Remembering A Hero And Mentor
Wednesday - April 22, 2009
For the past year I’ve had the opportunity to share weekly stories from our ocean playground. The Pacific Ocean is something I treasure deeply. But this week I felt it was important to share the story of another Island treasure - my mentor and hero, Les Keiter.
“The General” died of natural causes just before the 5 p.m. news on April 14. I was on the set at KHON2 when Joe Moore entered the studio during the final commercial break with a look on his face that said it all. His voice quivered. Les had just died. Our hero was gone.
Our newsroom was stunned, but we got through the night. Sports director Kanoa Leahey said it best: “The General would understand the show must go on.”
News of his death spread rapidly across the state as friends and former colleagues reminisced as we traded our favorite Keiter stories. We laughed and we cried, then we cried again.
My story is very personal. It was 1989. After working behind the scenes at KHON sports for four years, I decided it was time to move on. I needed to support my young family. I was going to be a cop. I remember walking into the sports office on a Friday afternoon. The General was preparing for the 6 o’clock sportscast when I walked in sporting a new crew cut.
“Looks like you’re saying goodbye, kid,” he said. He called everybody kid. I told him he was right, that I was entering the police force. He looked up and firmly stated with that golden voice: “You’re not done here, kid. Come back Monday and we’ll get their attention!”
I did, and I was hired several days later. The General believed in me even when I didn’t, and for that I’m forever grateful.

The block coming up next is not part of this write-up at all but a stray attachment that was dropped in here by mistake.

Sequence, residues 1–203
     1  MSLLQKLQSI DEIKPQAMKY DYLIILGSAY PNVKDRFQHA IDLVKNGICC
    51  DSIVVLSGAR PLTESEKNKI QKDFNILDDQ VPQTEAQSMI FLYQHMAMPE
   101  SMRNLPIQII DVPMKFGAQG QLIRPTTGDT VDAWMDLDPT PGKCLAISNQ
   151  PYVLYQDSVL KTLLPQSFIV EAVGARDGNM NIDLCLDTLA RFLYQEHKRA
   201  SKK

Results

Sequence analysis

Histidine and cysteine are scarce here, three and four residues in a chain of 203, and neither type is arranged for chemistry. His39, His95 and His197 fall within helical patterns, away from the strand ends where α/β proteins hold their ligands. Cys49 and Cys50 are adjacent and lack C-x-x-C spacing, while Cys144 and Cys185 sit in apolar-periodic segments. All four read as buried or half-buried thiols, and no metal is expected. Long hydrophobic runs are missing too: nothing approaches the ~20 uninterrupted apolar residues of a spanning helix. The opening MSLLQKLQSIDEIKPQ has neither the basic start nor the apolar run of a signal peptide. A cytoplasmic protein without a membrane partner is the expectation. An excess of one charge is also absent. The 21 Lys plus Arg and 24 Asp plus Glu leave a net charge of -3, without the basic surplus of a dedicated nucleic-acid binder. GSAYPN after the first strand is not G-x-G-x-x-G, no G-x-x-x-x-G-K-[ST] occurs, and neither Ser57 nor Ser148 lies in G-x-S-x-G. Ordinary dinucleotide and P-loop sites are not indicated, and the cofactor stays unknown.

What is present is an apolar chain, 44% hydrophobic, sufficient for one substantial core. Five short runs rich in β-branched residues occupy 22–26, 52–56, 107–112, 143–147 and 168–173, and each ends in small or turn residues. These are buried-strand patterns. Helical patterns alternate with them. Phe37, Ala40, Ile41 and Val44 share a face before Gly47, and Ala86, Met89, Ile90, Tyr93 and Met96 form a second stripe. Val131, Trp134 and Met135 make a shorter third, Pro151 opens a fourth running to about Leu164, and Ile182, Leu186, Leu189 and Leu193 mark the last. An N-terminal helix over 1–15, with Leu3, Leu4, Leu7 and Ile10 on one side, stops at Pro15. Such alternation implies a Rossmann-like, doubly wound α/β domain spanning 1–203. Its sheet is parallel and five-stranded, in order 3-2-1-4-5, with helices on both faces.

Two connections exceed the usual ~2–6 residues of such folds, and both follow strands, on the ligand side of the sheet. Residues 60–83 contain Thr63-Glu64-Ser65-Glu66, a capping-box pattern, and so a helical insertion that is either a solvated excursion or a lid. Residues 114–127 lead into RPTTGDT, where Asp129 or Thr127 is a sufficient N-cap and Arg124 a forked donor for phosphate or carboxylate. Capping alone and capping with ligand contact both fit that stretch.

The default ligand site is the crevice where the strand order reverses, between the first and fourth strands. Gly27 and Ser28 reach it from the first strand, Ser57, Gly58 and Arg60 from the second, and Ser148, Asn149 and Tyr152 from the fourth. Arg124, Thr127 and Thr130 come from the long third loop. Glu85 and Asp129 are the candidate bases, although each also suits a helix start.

Les Keiter touched thousands of other lives during his 50-plus years behind the microphone. His face and voice were recognized from San Francisco to Philadelphia to New York.
He was a part of some of the biggest moments in sports history: from world championship boxing to the NFL, NBA and major league baseball.
He was the voice of the Knicks in the late ‘50s and covered the 1968 Olympic games. He was famous for his re-creations of Islander road games, an artist when it came to sports phrases.
“He could take you to a ballpark thousands of miles away and you could smell the popcorn and hear the peanut vendors,” says former KHON colleague Jai Cunningham.
Keiter first worked in the Islands in the late ‘60s and then returned in 1970 and started doing sports at KHON in 1973. In 1981, he joined Joe Moore and the duo quickly became Hawaii’s most-watched news team. In fact, it was Moore who came up with Les’s nickname, “The General,” after both had military roles in a Hawaii Five-O episode.
“I played an Army captain and he an Army general, and as a term of respect when I saw him on the street I would say, ‘Hey, General,’” recalls Moore. “Then, years later, when we were together at KHON, one night I called him General on the air and it stuck. He was truly the General of Hawaii sports.”
Joe is right. The General retired from KHON in 1994, then served eight years as Aloha Stadium spokesman. He touched even more lives there with his Stadium Stars program.
Despite his many accomplishments, Keiter was a family man first. He and his lifelong partner Lila have five children and several grandchildren. Lila and several family members were at his bedside at Castle medical center when he died.
The General would have turned 90 years old April 27.
For those who were fortunate to be touched by Keiter, consider yourself blessed. I do.
Aloha, General, and thank you.
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